- Tangent: Heightism does exist. Short people are paid less on average than tall people. It is comparable in magnitude to pay differences between race and gender. In a survey of Fortune 500 companies it was revealed that 90% of CEOs were above average height. 30% of those people are 6'2", which is the tallest 4% of the population. The public also tend to recognise short powerful people who have young, tall wives, such as Nicolas Sarkozy and Bernie Ecclestone.

- Mathematically speaking, everyone in Europe is related to Charlemagne. This is because everyone has two parents, four grandparents, eight great-grandparents and so on. By the time you get to the 13th century, you have more direct ancestors than have ever been human beings - about 80 billion. Therefore you must have shared ancestors. In 1995, a man called Mark Humphries at Dublin University discovered this information. He discovered his was wife was King Edward III's great-granddaughter 20 generations down the line. After closer examination, he discovered his wife was also related to Hermann Goring and American explorer Daniel Boone. He then managed to calculate the mathematics of the information. Correction: It is not true about the realtionship with Daniel Boone. However, West people are ultimately related include Boswell, de Sade, Goethe, Darwin, Francis Bacon, David Hume, Bertrand Russell, Bill Gates, Marie Antoinette, Valery Giscard d'Estaing, Anthony Eden, Lewis Carroll, Hugh Grant, Guy Ritchie, Brad Pitt, Rupert Everett, Ralph Fiennes, Johnny Dumfries, Barack Obama, George Bush Senior and junior and David Cameron.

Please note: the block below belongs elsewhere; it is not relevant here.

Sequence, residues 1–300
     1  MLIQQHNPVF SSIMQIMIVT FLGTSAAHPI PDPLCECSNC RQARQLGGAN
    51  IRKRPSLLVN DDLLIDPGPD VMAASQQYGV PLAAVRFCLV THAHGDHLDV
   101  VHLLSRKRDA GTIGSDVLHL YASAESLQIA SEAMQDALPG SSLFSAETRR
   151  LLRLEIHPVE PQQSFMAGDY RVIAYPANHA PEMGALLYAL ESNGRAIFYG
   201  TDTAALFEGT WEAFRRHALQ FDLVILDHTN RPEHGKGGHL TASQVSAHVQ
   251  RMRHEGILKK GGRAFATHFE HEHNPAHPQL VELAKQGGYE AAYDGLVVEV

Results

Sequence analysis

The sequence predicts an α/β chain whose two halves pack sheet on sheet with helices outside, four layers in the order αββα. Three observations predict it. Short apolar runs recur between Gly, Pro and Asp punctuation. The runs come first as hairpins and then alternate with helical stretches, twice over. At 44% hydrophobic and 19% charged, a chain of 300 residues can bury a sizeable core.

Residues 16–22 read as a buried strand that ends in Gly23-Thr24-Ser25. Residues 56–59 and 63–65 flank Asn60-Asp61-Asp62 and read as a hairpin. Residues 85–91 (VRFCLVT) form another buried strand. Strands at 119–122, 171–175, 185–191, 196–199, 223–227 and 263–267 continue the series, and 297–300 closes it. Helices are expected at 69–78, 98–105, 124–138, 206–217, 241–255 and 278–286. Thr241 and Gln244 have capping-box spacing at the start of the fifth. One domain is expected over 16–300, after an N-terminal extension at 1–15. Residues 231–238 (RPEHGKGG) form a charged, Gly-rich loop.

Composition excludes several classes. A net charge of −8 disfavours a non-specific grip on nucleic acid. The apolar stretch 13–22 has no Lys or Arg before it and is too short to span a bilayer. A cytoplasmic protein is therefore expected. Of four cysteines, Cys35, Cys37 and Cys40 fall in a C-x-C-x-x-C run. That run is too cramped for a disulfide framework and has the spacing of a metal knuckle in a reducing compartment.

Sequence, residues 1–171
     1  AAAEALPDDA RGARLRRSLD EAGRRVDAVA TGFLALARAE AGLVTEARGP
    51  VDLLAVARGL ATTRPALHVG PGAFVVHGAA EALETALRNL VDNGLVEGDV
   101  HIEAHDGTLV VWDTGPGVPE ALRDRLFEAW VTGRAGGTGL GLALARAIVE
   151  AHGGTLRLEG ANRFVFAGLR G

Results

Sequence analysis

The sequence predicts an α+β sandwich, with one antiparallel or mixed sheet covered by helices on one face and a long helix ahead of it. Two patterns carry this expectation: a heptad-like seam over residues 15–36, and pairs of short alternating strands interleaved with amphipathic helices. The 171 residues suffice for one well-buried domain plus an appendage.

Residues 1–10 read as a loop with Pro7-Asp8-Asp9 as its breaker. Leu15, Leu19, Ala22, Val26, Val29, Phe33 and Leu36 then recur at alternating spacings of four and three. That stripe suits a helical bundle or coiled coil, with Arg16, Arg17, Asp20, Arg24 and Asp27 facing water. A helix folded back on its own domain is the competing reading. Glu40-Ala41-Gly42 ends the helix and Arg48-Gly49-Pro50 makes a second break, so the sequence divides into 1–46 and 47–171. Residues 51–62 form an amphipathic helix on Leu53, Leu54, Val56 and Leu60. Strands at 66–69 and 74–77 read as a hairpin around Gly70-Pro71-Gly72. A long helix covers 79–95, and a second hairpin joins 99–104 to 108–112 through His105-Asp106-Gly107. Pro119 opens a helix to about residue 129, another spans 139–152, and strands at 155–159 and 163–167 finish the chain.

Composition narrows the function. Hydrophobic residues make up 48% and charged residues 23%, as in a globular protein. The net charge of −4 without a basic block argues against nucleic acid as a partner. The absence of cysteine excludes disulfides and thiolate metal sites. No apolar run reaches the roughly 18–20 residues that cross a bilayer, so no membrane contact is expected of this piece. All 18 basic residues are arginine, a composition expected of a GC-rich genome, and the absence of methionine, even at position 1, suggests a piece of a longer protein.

- Tangent: Jo jokingly claims that David's brothers are the Mitchell brothers from "Eastenders", despite the fact they are fictional characters.